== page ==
Radio Astronomy: Observing The Radio Sky, with Special Guest Dr. Matt Lister
John P. Millis, PhD for redOrbit.com – Your Universe Online
The term ‘astronomy’ usually brings to mind images of big optical instruments, like the famous Hubble Space Telescope. But the field of astronomy extends far beyond simply looking at the narrow optical band of the electromagnetic spectrum. In fact, most of the Universe appears at wavelengths that we simply cannot see with our eyes or with optical equipment.
In today’s podcast we talk with Dr. Matt Lister, professor of physics and astronomy at Purdue University, about the history and science of radio astronomy. We discuss topics such as how this fascinating branch of astrophysics is carried out as well as some of the major facilities around the world.
We also address perhaps the simplest question of all: Why do we need to study radio astronomy in the first place, and how can it contribute to our understanding of the Universe?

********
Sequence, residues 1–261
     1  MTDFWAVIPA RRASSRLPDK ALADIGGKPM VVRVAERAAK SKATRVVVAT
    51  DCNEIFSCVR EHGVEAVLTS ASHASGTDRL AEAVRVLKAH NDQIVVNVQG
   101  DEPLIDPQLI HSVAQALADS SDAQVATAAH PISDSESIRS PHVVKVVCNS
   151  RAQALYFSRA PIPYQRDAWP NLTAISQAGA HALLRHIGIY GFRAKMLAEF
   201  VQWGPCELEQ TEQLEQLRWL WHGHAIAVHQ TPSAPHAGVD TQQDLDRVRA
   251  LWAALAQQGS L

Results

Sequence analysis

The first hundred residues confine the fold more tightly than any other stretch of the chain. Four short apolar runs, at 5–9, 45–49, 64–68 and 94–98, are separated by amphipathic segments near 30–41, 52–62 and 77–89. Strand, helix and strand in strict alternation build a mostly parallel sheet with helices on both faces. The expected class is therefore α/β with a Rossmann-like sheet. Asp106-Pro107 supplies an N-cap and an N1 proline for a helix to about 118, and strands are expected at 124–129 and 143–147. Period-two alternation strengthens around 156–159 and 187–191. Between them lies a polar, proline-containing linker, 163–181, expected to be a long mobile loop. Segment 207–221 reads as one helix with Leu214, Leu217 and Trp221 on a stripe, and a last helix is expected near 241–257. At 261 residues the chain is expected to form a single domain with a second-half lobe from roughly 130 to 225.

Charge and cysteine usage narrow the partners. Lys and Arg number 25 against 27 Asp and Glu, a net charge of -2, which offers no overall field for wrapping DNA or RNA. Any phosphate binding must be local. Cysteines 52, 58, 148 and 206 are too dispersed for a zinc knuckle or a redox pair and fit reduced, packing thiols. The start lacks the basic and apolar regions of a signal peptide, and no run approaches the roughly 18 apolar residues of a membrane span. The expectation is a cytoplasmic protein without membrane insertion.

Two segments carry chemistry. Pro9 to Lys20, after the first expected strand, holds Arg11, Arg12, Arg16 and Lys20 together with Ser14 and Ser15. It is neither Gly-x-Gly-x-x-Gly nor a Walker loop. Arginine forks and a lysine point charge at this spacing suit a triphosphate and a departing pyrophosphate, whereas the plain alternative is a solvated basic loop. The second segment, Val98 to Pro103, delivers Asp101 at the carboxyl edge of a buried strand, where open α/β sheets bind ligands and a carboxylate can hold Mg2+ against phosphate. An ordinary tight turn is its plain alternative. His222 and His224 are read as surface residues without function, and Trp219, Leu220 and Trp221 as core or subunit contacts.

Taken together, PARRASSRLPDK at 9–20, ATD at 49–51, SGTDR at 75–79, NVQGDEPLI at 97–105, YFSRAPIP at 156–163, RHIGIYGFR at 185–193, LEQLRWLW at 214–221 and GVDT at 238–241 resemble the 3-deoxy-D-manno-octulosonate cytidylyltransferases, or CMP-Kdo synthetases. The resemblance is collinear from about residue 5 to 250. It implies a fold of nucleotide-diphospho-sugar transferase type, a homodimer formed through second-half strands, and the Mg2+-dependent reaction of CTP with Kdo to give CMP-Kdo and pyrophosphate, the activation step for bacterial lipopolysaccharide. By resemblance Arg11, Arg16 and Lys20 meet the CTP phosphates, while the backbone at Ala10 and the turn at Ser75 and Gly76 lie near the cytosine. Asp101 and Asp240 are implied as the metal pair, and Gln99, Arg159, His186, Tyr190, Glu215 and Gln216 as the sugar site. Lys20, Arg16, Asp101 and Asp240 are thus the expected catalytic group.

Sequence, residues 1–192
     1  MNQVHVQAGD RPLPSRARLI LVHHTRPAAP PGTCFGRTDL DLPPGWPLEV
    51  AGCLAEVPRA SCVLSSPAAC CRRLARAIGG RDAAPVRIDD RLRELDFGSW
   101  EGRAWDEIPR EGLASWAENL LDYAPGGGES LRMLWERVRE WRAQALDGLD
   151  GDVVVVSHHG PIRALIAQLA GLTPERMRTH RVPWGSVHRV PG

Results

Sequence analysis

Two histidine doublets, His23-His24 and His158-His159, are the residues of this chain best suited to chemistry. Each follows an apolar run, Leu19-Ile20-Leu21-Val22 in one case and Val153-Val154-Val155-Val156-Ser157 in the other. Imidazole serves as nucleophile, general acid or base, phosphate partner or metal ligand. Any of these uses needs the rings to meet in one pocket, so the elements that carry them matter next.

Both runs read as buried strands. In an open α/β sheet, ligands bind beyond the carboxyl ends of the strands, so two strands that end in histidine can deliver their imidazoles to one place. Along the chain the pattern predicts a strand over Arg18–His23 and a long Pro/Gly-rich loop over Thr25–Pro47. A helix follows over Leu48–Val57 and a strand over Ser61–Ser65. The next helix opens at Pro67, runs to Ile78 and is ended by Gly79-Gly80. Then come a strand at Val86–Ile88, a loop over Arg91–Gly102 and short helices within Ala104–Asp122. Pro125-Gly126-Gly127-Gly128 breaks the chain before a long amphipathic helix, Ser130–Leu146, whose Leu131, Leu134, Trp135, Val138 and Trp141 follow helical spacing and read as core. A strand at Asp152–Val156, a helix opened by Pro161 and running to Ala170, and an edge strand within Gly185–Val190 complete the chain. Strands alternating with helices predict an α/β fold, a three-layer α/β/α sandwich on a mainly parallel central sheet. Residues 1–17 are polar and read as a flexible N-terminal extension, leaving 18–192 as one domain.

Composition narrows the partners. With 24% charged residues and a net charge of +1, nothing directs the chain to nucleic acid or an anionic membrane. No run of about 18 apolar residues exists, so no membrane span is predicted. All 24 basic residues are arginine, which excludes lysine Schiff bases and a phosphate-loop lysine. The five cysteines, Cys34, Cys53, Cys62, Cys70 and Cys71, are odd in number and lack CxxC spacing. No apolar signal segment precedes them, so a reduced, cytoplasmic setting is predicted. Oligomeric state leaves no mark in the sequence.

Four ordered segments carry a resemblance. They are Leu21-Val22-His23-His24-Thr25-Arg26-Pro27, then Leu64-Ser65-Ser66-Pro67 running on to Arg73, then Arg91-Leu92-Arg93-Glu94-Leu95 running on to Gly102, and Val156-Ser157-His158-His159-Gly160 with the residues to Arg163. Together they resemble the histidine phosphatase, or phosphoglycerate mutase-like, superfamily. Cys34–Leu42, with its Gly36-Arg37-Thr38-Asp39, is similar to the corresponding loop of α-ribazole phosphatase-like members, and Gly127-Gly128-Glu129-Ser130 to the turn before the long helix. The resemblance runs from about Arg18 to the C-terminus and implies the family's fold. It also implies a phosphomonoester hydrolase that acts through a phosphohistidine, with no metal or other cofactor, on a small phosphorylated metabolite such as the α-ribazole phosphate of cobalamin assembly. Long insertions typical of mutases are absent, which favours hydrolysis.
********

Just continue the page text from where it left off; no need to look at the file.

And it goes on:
Prof. Matthew Lister obtained his B.Sc. and M.Sc. degrees in physics at the University of Toronto and University of Victoria, Canada, with a specialization in astrophysics. After completing his Ph.D. studies in astronomy at Boston University, he joined the U.S. Space VLBI project as a Caltech postdoctoral fellow at NASA’s Jet Propulsion Lab. There he played a lead role in carrying out the first complete survey of extragalactic jets done with the U.S.-Japanese space-ground VSOP radio interferometer array. While a Karl Jansky Fellow at the National Radio Astronomy Observatory, he became principal investigator of the MOJAVE project, a large program to study the structure and evolution of highly relativistic jetted outflows using several NASA satellites and the Very Long Baseline Array. Matthew joined the faculty of Purdue University in 2003 and is currently an associate professor in the Physics department.
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